The International Olympic Committee, terrified of being drawn into the current Fifa imbroglio after their own Games-changing votes-for-bungs corruption scandal over Salt Lake City in 2002, are keeping an anxious eye on the machinations surrounding the international football body's president Sepp Blatter.
The IOC are said to be viewing the crisis over Qatar with 'serious concern' as Blatter is also a leading figure in the Olympic movement. They are particularly embarrassed over his allegations that racism is behind criticism of the decision to award the 2022 World Cup to Qatar. Several of those alleged to have received money have strong links with the Olympic movement, notably Issa Hayatou, the Cameroonian who is both a Fifa vice-president and IOC member. He denies any wrongdoing.
Interestingly Blatter, who says he intends to stand for re-election as world football boss next year, when he will be 79, is also behind a move to scrap the age limit of 80 for IOC membership, calling the current ruling (introduced after Salt Lake) "an act of discrimination".
I first met him back in the early Eighties in a Singapore hotel room when he was 'leg-man' to then Fifa president Joao Havelange as general secretary. Actually the wily Swiss septuagenarian has always been a bit of a leg-man – famously a past president of the Society for the Preservation of the Suspender!
During my interview with Havelange (later forced to resign from the IOC following accusations of receiving $1 million in 'commission' for broadcasting rights) we were constantly interrupted by waiters and couriers bearing gifts from local manufacturers, sponsors and businesses; boxes of shirts, crates of drinks, hi-fi equipment and toiletries were stacked high against the walls, from floor to ceiling. "I think we'll need to hire another plane to get all these home," Blatter smirked knowingly at Havelange.
Just over a decade later we met again in his opulent Zurich emporium after he became Fifa president. I had accompanied the British sports minister Tony Banks who was there to discuss a potential England World Cup bid. For an hour or so Blatter provided a master-class in glib evasion and self-aggrandisement. "Slippery sod, ain't he." sniffed Banks as we left. Plus ça change.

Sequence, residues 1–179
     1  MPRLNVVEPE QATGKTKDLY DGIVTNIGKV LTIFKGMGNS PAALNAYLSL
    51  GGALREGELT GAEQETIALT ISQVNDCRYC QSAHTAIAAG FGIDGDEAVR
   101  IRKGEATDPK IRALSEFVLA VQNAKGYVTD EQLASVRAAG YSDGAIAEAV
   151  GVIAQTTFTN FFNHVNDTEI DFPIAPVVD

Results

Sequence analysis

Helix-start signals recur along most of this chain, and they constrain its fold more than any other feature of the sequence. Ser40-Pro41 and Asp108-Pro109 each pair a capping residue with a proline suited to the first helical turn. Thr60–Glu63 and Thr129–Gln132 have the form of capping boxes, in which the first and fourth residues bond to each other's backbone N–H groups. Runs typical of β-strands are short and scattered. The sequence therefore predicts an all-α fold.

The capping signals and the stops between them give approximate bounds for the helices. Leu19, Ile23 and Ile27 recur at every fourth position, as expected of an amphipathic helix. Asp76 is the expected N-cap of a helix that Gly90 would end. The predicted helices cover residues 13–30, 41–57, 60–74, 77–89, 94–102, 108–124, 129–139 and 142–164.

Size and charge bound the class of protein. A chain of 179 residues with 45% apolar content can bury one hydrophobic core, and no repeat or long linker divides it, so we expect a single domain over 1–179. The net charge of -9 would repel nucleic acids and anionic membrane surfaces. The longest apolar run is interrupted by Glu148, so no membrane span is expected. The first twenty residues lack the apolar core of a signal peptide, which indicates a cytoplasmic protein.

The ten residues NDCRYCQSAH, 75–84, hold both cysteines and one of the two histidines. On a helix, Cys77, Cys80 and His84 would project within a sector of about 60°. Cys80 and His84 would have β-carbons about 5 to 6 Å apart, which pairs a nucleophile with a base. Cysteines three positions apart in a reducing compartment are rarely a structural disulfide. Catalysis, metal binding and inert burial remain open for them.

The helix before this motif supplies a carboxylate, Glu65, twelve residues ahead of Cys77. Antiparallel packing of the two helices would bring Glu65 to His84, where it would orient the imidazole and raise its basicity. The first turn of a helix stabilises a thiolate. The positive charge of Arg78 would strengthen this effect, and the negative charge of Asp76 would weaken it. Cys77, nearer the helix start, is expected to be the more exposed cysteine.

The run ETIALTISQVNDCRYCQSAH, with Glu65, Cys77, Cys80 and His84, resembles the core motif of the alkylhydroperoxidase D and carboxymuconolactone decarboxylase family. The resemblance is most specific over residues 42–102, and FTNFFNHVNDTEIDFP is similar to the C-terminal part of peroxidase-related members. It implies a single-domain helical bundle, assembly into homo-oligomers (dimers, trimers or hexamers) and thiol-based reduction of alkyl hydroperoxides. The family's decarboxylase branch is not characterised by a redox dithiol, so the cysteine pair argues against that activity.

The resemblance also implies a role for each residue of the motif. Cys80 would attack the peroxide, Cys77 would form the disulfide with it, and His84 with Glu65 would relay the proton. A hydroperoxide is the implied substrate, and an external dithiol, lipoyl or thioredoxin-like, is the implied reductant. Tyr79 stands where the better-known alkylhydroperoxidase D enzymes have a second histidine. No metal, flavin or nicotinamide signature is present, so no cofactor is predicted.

Putin puts Sambo in Games
Further evidence of Vladimir Putin's growing influence in sporting matters comes with the inclusion of Sambo in next year's European Games in Baku. A word in the ear of the Azerbaijani president Ilham Akiyev from Vlad, Russia's former Sambo champion, has seen it added to the programme.
The acronym of the judo-styled martial art first developed by the Red Army translates as "self-defence without weapons". Popular in Ukraine too, apparently.
Groves eyes world title
A fortnight after being poleaxed by Carl Froch's Wembley wonder punch, George Groves is still rubbing his chin, but in thoughtful contemplation rather than pained contrition. "No regrets," he assures us. "I'm already back in the gym. Onwards and upwards."
Many good fighters have climbed off the floor to become world champions, from Joe Louis through to Wladimir Klitschko via Muhammad Ali, Lennox Lewis, David Haye and Amir Khan. Groves doesn't doubt he'll be among them. "Sure, it was heartbreaking but in boxing one mistake, one punch, can change everything. This doesn't seem like a setback to me. I didn't get the result but in some ways it paid off." It certainly did financially as he now sits on a £2 million cushion. "I'm only 26 and I know I'll still be a world champion."
Groves says he will box again in September either in London or Germany and my hunch is that by the end of the year we may see him matched in another score-settling clash with old rival James DeGale at London's O2 for the IBF title which Froch seems inclined to vacate in his quest for a valedictory fight against Julio Cesar Chavez.